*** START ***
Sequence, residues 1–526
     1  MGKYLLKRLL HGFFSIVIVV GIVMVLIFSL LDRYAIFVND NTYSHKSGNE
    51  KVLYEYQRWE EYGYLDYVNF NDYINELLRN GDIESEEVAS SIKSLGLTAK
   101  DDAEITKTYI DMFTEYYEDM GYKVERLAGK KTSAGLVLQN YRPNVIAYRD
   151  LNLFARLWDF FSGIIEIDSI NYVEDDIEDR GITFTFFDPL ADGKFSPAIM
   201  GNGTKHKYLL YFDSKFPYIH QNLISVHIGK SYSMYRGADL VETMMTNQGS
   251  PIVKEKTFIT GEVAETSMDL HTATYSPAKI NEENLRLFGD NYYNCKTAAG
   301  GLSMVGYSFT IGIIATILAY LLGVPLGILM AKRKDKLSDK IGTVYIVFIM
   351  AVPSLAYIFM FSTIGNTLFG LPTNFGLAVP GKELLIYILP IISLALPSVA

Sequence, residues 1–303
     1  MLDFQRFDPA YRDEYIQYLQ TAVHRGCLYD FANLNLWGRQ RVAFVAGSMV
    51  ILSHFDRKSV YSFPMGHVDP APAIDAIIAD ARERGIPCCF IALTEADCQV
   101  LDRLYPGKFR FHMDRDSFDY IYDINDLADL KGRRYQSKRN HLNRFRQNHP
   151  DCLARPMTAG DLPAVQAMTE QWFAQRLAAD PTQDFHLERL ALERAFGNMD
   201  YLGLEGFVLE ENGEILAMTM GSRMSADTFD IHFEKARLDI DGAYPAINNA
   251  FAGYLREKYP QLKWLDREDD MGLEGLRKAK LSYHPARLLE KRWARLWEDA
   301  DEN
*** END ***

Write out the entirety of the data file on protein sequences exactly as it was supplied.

Sequence, residues 1–526
     1  MGKYLLKRLL HGFFSIVIVV GIVMVLIFSL LDRYAIFVND NTYSHKSGNE
    51  KVLYEYQRWE EYGYLDYVNF NDYINELLRN GDIESEEVAS SIKSLGLTAK
   101  DDAEITKTYI DMFTEYYEDM GYKVERLAGK KTSAGLVLQN YRPNVIAYRD
   151  LNLFARLWDF FSGIIEIDSI NYVEDDIEDR GITFTFFDPL ADGKFSPAIM
   201  GNGTKHKYLL YFDSKFPYIH QNLISVHIGK SYSMYRGADL VETMMTNQGS
   251  PIVKEKTFIT GEVAETSMDL HTATYSPAKI NEENLRLFGD NYYNCKTAAG
   301  GLSMVGYSFT IGIIATILAY LLGVPLGILM AKRKDKLSDK IGTVYIVFIM
   351  AVPSLAYIFM FSTIGNTLFG LPTNFGLAVP GKELLIYILP IISLALPSVA

Sequence, residues 1–303
     1  MLDFQRFDPA YRDEYIQYLQ TAVHRGCLYD FANLNLWGRQ RVAFVAGSMV
    51  ILSHFDRKSV YSFPMGHVDP APAIDAIIAD ARERGIPCCF IALTEADCQV
   101  LDRLYPGKFR FHMDRDSFDY IYDINDLADL KGRRYQSKRN HLNRFRQNHP
   151  DCLARPMTAG DLPAVQAMTE QWFAQRLAAD PTQDFHLERL ALERAFGNMD
   201  YLGLEGFVLE ENGEILAMTM GSRMSADTFD IHFEKARLDI DGAYPAINNA
   251  FAGYLREKYP QLKWLDREDD MGLEGLRKAK LSYHPARLLE KRWARLWEDA
   301  DEN